Suppose that someone calls the police and alerts them to a crime that has been committed. Using the information provided, the police stop you because you fit the description of the person reported. If the police ask your name, must you give it? The United States Supreme Court believes you must if the state you are in has passed a law requiring you to give your name. In a factual situation very similar to this, the United States Supreme Court held in Hiibel v. Sixth Judicial District Court that the Nevada law requiring a person to provide his name in this situation does not violate either the Fourth or Fifth Amendment. This note examines the Hiibel decision and its effect on the future. Part II reviews the history behind the Court's current view of Fourth Amendment seizures of person and the Fifth Amendment's prohibition against compelled self-incrimination. Part III examines the majority opinion and dissent of Hiibel. Finally, Part IV discusses the effect of the Hiibel decision on Fourth and Fifth Amendment jurisprudence.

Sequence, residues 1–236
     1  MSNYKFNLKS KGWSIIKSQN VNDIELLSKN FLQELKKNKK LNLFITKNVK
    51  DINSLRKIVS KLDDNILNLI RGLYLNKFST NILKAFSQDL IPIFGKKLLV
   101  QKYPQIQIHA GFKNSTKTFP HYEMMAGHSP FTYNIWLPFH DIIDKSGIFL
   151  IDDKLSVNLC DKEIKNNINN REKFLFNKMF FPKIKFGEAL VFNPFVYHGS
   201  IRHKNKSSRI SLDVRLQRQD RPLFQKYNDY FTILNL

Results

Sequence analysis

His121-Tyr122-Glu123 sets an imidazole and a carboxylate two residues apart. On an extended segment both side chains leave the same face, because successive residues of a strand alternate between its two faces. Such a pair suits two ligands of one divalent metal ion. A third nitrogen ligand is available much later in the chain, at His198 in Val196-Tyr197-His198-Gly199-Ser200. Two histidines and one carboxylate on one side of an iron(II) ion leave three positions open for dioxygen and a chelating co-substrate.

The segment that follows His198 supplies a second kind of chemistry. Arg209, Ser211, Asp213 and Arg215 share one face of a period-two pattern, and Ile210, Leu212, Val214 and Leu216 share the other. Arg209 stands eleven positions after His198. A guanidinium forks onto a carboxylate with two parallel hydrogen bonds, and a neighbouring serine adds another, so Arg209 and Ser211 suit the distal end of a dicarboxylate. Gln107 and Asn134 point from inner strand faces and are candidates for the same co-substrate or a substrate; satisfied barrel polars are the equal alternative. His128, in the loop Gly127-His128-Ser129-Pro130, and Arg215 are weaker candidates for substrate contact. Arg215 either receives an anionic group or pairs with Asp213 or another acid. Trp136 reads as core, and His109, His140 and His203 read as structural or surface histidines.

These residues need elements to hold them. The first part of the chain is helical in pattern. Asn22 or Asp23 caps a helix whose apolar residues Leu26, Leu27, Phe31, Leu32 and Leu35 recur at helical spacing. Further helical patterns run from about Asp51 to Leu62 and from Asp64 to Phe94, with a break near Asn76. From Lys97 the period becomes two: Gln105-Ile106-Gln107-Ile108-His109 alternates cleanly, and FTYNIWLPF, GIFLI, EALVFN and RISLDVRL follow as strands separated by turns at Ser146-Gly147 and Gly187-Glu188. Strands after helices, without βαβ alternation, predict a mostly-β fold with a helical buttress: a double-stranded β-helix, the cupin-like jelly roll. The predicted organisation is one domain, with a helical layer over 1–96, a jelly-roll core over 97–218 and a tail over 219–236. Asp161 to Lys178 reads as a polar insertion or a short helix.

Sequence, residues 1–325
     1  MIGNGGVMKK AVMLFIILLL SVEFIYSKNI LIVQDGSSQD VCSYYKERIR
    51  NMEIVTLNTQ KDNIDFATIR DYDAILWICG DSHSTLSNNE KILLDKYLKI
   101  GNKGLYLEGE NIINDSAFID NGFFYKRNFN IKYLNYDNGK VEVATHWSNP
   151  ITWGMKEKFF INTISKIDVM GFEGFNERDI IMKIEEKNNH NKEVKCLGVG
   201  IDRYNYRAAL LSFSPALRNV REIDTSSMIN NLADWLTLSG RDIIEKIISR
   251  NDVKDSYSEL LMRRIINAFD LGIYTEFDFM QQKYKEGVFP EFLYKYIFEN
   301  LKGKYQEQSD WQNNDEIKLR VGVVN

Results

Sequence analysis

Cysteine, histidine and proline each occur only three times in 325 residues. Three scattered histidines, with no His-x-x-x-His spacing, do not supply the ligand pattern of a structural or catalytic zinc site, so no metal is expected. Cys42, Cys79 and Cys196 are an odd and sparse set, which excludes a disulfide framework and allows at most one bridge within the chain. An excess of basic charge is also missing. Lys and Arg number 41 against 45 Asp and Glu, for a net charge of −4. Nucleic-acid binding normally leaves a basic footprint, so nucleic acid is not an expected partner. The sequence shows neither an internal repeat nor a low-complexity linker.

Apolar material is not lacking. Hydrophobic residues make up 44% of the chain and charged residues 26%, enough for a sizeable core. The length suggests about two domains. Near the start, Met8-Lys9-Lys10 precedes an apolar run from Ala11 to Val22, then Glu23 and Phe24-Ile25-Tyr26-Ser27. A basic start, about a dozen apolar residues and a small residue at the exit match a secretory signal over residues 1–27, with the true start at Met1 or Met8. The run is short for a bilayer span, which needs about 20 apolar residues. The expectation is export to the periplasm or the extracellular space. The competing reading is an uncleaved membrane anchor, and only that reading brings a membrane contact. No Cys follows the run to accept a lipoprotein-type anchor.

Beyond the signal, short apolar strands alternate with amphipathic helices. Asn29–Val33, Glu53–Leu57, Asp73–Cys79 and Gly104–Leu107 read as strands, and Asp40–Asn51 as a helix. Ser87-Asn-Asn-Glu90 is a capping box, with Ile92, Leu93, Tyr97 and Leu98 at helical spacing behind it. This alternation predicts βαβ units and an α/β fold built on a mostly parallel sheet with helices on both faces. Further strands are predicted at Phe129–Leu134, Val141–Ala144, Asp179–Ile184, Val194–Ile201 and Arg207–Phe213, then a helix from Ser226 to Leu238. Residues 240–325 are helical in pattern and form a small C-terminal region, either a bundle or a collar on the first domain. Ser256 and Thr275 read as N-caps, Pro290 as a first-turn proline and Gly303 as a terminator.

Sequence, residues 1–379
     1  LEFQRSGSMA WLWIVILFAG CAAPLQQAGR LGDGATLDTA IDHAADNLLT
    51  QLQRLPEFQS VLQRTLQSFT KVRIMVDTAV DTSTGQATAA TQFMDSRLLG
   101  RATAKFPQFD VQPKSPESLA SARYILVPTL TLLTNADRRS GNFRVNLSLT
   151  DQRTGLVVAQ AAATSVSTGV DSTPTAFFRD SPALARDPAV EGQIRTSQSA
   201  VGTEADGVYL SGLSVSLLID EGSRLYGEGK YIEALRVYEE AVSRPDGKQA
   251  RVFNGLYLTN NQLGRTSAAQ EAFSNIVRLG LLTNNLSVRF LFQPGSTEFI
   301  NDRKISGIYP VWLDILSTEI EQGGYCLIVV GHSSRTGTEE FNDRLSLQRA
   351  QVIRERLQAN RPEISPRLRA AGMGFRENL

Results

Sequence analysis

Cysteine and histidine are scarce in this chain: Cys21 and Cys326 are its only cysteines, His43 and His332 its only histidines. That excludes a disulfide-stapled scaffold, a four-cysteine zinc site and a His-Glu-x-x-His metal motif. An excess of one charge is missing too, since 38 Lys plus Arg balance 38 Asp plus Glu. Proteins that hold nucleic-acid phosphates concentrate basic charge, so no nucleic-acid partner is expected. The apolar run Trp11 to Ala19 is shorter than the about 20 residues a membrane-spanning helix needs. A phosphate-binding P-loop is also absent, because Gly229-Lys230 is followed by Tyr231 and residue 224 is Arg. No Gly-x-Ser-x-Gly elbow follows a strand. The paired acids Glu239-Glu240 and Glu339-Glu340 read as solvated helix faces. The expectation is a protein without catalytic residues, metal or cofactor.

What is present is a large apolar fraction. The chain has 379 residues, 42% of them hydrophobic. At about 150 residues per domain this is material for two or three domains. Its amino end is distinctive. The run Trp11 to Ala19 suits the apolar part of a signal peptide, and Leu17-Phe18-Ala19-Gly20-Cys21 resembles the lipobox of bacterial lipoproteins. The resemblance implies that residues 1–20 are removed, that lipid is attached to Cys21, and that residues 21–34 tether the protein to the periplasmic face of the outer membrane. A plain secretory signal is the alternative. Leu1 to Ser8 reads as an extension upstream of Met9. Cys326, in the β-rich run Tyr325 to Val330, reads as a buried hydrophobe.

Hiibel v. Sixth Judicial District Court:Can Police Arrest Suspects for Withholding Their Names?,
Rich. J.L. & Pub. Int.
Available at: http://scholarship.richmond.edu/jolpi/vol8/iss2/4